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Sunday, February 12, 2006

FOI related defamation case still before the courts 10 years on!

The Australian Financial Review 11-12 February has a long article “The revenge of Len Ainsworth” which details action taken by Mr. Ainsworth over the last 25 years in pursuing NSW Police through the courts. Mr. Ainsworth, an 82 year old billionaire poker machine pioneer, has filed 420 complaints with the NSW Ombudsman and launched innumerable legal actions, arising from what he claims to be a deliberate attempt by members of the NSW Licensing Branch to discredit him and to shut him out of the lucrative US poker machine market.

The article says that his current and last legal battle is a defamation action commenced in 1996 against a former police officer Leslie Burden arising from a letter written by Mr. Burden to the then Police Commissioner in 1993. The letter was released to Mr. Ainsworth after an FOI request. He alleges it contained defamatory matter. After several decisions and appeals the case is still before the NSW Court of Appeal. The decision under appeal was that a defamation occurred but no damage resulted.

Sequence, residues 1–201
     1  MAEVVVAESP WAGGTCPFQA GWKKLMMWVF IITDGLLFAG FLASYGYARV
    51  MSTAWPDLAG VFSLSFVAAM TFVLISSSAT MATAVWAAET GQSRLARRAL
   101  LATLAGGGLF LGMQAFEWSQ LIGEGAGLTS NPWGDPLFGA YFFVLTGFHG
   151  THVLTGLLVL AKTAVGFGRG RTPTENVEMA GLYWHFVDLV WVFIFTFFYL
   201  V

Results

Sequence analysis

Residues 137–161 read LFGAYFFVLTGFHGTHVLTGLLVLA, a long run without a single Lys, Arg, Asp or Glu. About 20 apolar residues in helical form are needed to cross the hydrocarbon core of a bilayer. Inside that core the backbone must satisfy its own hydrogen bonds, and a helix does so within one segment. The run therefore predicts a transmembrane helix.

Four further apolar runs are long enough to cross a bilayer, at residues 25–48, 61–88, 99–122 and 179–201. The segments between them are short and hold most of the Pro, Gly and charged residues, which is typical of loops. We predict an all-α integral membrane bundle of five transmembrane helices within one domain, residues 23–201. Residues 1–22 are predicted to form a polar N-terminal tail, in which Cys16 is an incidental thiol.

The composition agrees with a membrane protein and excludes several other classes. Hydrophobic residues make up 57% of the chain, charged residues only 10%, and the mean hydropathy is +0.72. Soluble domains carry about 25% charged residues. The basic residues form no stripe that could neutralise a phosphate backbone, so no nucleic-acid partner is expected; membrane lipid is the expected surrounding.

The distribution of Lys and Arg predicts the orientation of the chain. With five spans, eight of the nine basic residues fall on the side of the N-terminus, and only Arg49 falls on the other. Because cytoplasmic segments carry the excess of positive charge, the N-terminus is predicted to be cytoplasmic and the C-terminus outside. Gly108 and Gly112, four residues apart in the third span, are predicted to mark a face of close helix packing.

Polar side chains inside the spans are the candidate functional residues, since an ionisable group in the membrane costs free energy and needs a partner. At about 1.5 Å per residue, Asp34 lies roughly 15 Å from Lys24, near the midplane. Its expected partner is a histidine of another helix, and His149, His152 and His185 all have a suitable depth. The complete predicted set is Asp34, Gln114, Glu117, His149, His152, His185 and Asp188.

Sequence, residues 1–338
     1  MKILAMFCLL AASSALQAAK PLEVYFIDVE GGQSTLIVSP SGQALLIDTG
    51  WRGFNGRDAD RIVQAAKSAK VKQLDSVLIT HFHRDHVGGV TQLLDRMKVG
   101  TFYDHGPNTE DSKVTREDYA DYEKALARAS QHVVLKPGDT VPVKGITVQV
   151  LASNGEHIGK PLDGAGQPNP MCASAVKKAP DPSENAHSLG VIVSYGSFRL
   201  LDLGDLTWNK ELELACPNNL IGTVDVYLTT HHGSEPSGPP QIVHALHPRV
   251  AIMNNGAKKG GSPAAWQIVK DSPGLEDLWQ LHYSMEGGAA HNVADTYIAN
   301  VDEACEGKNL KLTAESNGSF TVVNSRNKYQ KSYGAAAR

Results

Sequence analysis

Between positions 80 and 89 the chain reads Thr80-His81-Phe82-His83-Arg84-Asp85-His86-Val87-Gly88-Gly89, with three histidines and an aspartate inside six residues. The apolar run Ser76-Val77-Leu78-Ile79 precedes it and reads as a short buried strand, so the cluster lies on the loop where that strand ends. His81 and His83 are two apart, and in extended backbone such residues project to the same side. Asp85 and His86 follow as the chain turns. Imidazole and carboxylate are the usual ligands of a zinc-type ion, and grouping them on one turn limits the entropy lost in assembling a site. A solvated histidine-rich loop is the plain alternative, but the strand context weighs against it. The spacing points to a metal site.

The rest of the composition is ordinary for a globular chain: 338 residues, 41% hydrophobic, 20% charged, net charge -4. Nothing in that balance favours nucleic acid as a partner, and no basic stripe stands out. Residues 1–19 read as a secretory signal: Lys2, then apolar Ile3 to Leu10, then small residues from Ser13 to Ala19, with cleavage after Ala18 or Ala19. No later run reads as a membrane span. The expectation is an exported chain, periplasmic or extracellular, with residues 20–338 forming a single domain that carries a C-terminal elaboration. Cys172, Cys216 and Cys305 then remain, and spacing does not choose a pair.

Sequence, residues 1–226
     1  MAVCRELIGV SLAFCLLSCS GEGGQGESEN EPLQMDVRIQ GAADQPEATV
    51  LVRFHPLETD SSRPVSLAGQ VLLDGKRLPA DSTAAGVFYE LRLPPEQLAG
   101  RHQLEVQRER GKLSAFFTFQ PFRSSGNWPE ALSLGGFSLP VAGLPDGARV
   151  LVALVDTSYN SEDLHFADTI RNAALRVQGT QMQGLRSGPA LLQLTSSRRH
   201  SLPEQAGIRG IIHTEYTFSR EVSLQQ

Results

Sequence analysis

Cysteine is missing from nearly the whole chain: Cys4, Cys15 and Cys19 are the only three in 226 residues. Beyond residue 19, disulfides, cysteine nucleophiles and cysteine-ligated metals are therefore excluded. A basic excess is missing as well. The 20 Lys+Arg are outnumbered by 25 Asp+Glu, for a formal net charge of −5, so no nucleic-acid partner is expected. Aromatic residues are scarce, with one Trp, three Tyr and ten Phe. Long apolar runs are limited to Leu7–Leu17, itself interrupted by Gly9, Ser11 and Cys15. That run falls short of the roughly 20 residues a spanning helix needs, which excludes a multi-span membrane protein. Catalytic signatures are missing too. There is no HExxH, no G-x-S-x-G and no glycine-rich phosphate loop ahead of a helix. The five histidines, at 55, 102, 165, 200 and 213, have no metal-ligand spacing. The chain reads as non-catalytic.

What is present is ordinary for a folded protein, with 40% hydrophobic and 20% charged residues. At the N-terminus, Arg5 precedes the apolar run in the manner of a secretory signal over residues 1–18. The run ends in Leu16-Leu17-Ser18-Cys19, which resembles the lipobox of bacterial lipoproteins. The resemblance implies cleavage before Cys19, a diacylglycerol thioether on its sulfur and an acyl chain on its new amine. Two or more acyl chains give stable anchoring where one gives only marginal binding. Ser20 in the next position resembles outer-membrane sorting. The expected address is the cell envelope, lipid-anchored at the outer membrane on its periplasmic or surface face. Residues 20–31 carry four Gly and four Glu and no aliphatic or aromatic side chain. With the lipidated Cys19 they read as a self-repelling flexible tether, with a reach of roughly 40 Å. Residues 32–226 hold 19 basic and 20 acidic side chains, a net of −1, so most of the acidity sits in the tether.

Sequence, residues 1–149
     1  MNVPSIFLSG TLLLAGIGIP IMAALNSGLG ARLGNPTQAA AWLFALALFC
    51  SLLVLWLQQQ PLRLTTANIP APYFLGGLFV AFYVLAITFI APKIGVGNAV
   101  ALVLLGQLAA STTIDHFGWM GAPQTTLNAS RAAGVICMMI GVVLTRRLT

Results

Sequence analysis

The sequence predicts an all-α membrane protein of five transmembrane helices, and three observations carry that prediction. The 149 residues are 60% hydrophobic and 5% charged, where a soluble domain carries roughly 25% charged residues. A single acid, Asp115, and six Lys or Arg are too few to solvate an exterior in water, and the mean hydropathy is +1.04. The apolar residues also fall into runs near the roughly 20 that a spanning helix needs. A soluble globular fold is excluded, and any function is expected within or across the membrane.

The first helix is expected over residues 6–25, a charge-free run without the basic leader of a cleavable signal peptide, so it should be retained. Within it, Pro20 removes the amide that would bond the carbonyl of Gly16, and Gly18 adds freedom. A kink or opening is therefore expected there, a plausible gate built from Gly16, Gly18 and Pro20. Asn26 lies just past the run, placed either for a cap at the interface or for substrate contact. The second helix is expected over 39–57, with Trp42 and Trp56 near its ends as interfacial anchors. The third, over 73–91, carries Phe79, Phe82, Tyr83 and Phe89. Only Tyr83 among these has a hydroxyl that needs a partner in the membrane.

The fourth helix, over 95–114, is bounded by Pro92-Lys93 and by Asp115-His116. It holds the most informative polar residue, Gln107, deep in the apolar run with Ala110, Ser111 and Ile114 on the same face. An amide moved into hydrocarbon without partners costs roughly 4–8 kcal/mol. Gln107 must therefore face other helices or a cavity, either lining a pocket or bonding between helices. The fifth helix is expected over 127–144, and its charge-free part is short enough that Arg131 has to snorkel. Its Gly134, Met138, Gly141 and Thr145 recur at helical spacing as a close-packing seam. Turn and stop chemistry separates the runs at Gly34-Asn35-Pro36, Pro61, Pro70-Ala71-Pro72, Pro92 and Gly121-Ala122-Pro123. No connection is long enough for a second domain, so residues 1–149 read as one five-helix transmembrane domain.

One of the earlier cases, Ainsworth v Burden (2003) NSWCA 90 involved consideration of Section 64 of the NSW FOI Act and whether, as a result of release of the letter under the FOI Act, Mr. Burden had an absolute defence against any action for defamation. The NSW Court of Appeal decided that Section 64 only provides a defence for any defamation that may have occurred in releasing the document. It provides no protection against any action for defamation that might have occurred in writing and sending a letter to the minister.

This appears to be the only case in which there has been consideration of the protection available in Section 64 of the Act.

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